If the past couple of pandemic-influenced years has taught us anything, it's that what we thought we had control over is as laughable as trying to predict what's next! I've had the opportunity to navigate some interesting economic periods in my career as a financial executive. The "Great Recession" was once a period I hoped never to have to revisit, given the far-reaching impact it had and the catastrophic financial toll it took on the life savings of so many. The uncertainty that period exhibited was challenging to say the least.
However, if I learned anything from that experience, it is that we would invariably be faced with something equally as challenging, and we would likely be as unprepared for it as many were for the Recession.
I will not go so far as to suggest I knew a global pandemic was imminent. I will leave that kind of pontification to Bill Gates, Michael Osterholm, and others far more brilliant than me! But I do like to consider how the unknown might influence my company. I am, after all, a "recovering CFO!" Risk management is in my DNA.
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As a leader of leaders, however, I spend time looking beyond the mechanical elements of risk. Beyond the tactical items I can buy insurance to mitigate or implement internal controls to reduce exposure to threats known and unknown. When I do, I return to a quote often shared that is one of my all-time favorites:
Culture eats strategy for breakfast…" – Peter Drucker
I have always interpreted this quote from Drucker to mean, "While you shouldn't ignore strategy, strong company culture is a more certain and resilient path to firmwide success." It makes a great deal of sense to me too. Culture informs decision-making and motivates your team. While strategy drives execution, without buy-in to your culture, you may end up with no one left to execute on your strategy.
As a result, I spend time considering our firm's culture, hoping to influence and shape it into something appealing to those who interact with us. And resilient enough to stand up to any number of challenges we are likely to face as an organization. And more recently, in the face of an incredible period of uncertainty, the Global Pandemic, I spent time wondering how our efforts ensured success. Will our culture prove to be ready for whatever the next period of uncertainty might bring?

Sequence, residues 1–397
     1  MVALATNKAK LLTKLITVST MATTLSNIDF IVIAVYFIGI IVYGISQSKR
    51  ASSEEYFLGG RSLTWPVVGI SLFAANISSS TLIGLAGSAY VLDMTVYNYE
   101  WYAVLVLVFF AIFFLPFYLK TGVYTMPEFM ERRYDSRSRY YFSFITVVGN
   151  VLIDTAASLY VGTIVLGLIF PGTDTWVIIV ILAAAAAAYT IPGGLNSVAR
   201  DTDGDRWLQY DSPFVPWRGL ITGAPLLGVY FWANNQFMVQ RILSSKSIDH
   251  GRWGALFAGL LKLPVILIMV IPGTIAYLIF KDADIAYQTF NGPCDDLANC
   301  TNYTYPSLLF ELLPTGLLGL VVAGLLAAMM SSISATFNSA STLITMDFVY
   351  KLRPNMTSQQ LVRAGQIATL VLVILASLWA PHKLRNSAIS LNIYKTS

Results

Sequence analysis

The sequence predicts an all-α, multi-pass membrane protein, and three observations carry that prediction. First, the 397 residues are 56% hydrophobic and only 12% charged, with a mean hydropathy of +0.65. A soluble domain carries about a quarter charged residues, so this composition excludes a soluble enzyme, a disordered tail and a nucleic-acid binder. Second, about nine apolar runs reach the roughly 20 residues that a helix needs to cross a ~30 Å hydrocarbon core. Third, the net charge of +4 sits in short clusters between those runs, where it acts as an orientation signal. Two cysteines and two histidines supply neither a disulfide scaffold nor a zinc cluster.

To that, I've discovered a few elements that stand out to me surrounding culture and how to influence it.
Spend time thinking about your culture.
What is it? Can you define it? Is it something you are working to influence? Or is it merely a byproduct of what your company does on a daily basis? I will be the first to admit much of my career, it was the latter. I worked hard. I tried to do the right thing and hoped that would manifest as a culture others aspire to. But (and this is important), I wasn't considering what my team was embracing as it relates to culture. The rare individual has nothing to learn from those around him. I try to pay attention to the great minds I work with every day.
Focus on how your culture is communicated.
I have a good idea of our culture and how it should manifest. But have I done enough to share what that is? As an example, our firm operates on what we refer to as "Core Values." One of which is "Doing the right thing, for the right reason, at the right time." Sounds great, right? But what does it mean in the context of our culture?
For us, it manifests when our clients struggle. Our team then runs towards that struggle to help. The pandemic tested us in entirely new ways as new government programs were launched in record time with very little guidance and plenty of uncertainty about how they would work. There are countless examples where our team led the way to support clients with those programs. Those examples are validation that, at least in some instances, the culture we are striving for is manifesting.